I've been working on code that performs "animation" on an MCF5329 LCD Controller.
We're using standard double-buffering. Display one video buffer while writing to the next, then swapping them. This has to be done during the "vertical retrace" period.
This is a lot harder than it should be, as the LCDC doesn't have a signal or interrupt that uniquely tells you that the LCDC has obeyed the command to swap to the other buffer.
So I've been reverse engineering the timing, and when I hear back from Freescale on this I'll publish details.
Meanwhile I wrote some code to reverse-engineer the timing by reading the LCDC_ISR and Interrupt Controller registers.
It didn't go well. The LCD_ISR register contains status bits, two of interest being "BOF" and "EOF" (Beginning and End of Field). With the frame and memory timing I expect to see the following:
0 -> 2 -> 1, 16760us, 4us0 -> 2 -> 1, 16760us, 4us
That means the time from BOF to EOF was 16760us, and then the time to the next BOF was 4us. What I'm actually getting is this:
0 -> 2 -> 1, 16760us, 4us0 -> 2 -> 1, 16760us, 4us0 -> 2 -> 1, 117344us, 4us Multiple EOF Missed0 -> 2 -> 1, 16760us, 4us0 -> 2 -> 1, 16760us, 16768us BOF Missed0 -> 2 -> 1, 16760us, 4us0 -> 2 -> 1, 16760us, 4us0 -> 2 -> 1, 83816us, 16768us EOF and then BOF missed0 -> 2 -> 1, 16760us, 16768us0 -> 2 -> 1, 16760us, 4us0 -> 2 -> 1, 16760us, 4us0 -> 2 -> 1, 67052us, 16768us0 -> 2 -> 1, 16760us, 16768us0 -> 2 -> 1, 16760us, 4us0 -> 2 -> 1, 16760us, 4us0 -> 2 -> 1, 83816us, 16768us
The LCD_ISR register is documented as:
22.3.17 LCDC Interrupt Status Register (LCD_ISR)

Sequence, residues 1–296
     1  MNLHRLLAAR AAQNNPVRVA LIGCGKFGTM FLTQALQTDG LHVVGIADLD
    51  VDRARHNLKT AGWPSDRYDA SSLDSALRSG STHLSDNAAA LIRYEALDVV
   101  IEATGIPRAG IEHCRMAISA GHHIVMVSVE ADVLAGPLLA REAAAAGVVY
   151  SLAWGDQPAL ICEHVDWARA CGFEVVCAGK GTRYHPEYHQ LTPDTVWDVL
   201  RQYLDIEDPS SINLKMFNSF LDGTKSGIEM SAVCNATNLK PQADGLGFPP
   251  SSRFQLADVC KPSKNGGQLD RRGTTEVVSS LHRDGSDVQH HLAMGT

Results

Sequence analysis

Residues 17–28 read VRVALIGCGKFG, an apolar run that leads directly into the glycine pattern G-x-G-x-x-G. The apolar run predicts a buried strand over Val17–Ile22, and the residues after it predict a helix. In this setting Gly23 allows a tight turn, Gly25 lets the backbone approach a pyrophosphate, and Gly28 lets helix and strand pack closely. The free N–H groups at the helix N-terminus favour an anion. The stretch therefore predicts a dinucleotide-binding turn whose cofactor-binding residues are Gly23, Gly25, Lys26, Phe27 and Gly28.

The read-only interrupt status register indicates whether an interrupthas occurred. The status bit is set when the interrupt condition is met.If any bit in this register is set and the corresponding bit in theLCD_IER register is set, an LCD interrupt is asserted to the interruptcontroller.The status bit is cleared by reading the register.
In order to measure the timing, my code is in a loop continuously reading the register.
Which is sometimes CLEARING the bits before they can be read as being set!
It seems to be that a read of this register happening at the same time as the hardware trying to set bits in this register results in the "clear the bits on read" operation winning.
If I put delays in the loops so they read less often, then the missed-reads of the bits happens less often, but it still happens.
This register is provided to be read by an interrupt service routine to determine which interrupt source happened, and to clear that source. When used "synchronously" like this it should work OK, with the risk of missing interrupts if there are multiple ones being used (like both Frame and Graphics Window interrupts).
It doesn't look to support "asynchronous reading" though.
This is an unusual interrupt status register. Most of the ones in other peripherals are "write one to clear" rather than "read to clear". What is happening here shows why "write one to clear" is such a good design.
Watch out for any other registers in other peripherals that are "read to clear". They might be causing problems for other design with "missed events".